• Peterson's Sports Scholarships and College Athletic Programs (4th Edition), Edited by Ron Walker. Every parent fantasizes about their student getting a free ride as a sports star. Our review explains why this is a must-read for families of students with athletic potential, even in "minor" sports.
  • The Princeton Review Student Athlete's Guide to College, by Hilary Abramson. This is more a guide for students who have been accepted to the college athletic system, but there is also information to help student athletes choose the right school.

EFC CAlculator

Use this EFC calculator to estimate your EFC (Expected Family Contribution)

The purpose of an EFC calculator is to assist students and parents in estimating their expected family contribution. EFC is what the government thinks you can afford after the calculation. We can help you lower this simply by avoiding common mistakes, For more information please contact us.

What is EFC?

Expected Family Contribution (or EFC) is a term used in the college financial aid process in the United States to determine an applicant's eligibility for federal student aid. It is located on the Student Aid Report and Institutional Student Information Record received after completing the FAFSA. EFC is the amount a family can be expected to contribute toward a student's college costs. Financial aid administrators determine an applicant's need for federal student aid from the U.S. Department of Education (the Department) and other non-federal sources of assistance by subtracting the EFC from the student's cost of attendance (COA).
 
Note: This is THE actual EFC calculator found on the Department of Education website.

 The link provided is secured. Please look for the lock located in the address bar.


In my previous post, I featured a question and answer session with author Robert Cronk, who wrote a popular writing guide on how to write narrative-style college application essays. I found Concise Advise, which directs students on how to use movie-script writing techniques to bring their essays to life, a helpful resource.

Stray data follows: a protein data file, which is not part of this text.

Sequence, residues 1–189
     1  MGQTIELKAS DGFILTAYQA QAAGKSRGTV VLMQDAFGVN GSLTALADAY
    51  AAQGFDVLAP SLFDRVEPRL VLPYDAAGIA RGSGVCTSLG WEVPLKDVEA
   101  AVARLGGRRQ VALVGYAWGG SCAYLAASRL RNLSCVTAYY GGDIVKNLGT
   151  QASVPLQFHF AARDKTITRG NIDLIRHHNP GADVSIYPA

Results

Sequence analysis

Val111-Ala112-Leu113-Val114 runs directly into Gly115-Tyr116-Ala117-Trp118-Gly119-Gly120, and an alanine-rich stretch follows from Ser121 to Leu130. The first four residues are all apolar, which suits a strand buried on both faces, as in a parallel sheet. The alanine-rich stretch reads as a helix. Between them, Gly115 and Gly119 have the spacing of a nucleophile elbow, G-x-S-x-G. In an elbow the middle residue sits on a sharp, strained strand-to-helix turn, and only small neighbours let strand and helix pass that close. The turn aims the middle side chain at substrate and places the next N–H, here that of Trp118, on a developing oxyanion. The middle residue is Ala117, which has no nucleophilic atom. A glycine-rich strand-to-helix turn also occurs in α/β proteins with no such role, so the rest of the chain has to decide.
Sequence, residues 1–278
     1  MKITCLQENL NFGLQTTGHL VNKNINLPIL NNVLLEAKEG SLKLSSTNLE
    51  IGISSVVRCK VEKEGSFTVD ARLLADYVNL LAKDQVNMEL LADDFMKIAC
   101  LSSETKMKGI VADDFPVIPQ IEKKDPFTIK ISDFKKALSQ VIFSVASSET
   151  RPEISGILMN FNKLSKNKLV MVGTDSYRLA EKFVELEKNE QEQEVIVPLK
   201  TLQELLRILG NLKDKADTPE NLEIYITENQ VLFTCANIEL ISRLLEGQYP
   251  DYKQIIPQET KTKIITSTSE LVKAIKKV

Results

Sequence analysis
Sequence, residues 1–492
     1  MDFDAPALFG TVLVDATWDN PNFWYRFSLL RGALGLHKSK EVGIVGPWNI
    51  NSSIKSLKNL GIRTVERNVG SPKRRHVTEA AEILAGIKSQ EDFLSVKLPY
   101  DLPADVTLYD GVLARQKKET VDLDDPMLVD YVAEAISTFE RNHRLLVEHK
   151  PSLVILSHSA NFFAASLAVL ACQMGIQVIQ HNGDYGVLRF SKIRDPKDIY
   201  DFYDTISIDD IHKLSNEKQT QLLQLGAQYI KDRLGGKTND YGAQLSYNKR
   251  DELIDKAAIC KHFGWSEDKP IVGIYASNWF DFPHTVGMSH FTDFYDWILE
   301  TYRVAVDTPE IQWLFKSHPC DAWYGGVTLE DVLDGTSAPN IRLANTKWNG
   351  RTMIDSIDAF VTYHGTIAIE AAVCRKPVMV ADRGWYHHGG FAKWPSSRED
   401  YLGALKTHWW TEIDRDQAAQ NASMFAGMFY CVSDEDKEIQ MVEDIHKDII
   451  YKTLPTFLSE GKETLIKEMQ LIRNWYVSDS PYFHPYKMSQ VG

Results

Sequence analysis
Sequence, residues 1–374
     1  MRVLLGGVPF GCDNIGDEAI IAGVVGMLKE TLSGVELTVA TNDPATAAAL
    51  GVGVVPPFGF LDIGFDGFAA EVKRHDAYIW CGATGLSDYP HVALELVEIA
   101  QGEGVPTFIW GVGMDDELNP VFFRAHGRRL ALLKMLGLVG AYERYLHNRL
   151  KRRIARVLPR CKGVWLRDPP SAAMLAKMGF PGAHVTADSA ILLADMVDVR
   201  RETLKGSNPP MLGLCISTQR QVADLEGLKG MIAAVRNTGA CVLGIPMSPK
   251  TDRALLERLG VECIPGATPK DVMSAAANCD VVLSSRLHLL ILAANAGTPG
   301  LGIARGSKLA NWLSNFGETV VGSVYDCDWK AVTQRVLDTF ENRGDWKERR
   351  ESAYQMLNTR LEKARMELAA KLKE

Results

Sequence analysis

I invited him to share more of his advice and tips here on Essay Hell, and this is the second part. (Here’s Part One in case you missed it.):

Me: What do you think is the most important part of a college app essay?

Bob: To me, it’s the element of character development, or transition, or transformation, or realization of something, even in small ways.  The best essays start with a moment that led to that development and ends with a better, stronger, wiser person.

Me: Do you have any pet peeves?

Bob: Too many to name, but here are a few, summarized so I don’t start ranting about them.  (1) Author Alan Gelb has a rule that says, essentially, “Never use your essay to brag, complain, or explain.” Good advice that covers a lot of sins and I hope is self-explanatory.  (2) Avoid TMI. Not every little detail is important to the story.  Use only the elements that advance the story. Keep it focused. I also recommend avoiding any topic of past drug or alcohol use, criminal activity, or mental issues one may have had.  Never forget the goal is to have the school want you there.  (3) Throw away your thesaurus! The essay has to be kept in your voice.  If you read your essay out loud, does it sound like you talking? If not, change it.

Me: Do you have some favorite essays or topics you have read over the years?